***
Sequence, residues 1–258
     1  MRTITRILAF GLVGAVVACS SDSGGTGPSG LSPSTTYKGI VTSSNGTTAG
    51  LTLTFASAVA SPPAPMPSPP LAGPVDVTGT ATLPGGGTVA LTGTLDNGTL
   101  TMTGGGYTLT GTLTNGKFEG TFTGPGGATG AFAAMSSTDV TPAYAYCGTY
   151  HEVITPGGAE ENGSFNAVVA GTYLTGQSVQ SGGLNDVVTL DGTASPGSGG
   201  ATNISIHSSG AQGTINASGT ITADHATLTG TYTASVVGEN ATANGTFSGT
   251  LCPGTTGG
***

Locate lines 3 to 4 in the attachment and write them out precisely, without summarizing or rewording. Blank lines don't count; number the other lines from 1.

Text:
    51  LTLTFASAVA SPPAPMPSPP LAGPVDVTGT ATLPGGGTVA LTGTLDNGTL
   101  TMTGGGYTLT GTLTNGKFEG TFTGPGGATG AFAAMSSTDV TPAYAYCGTY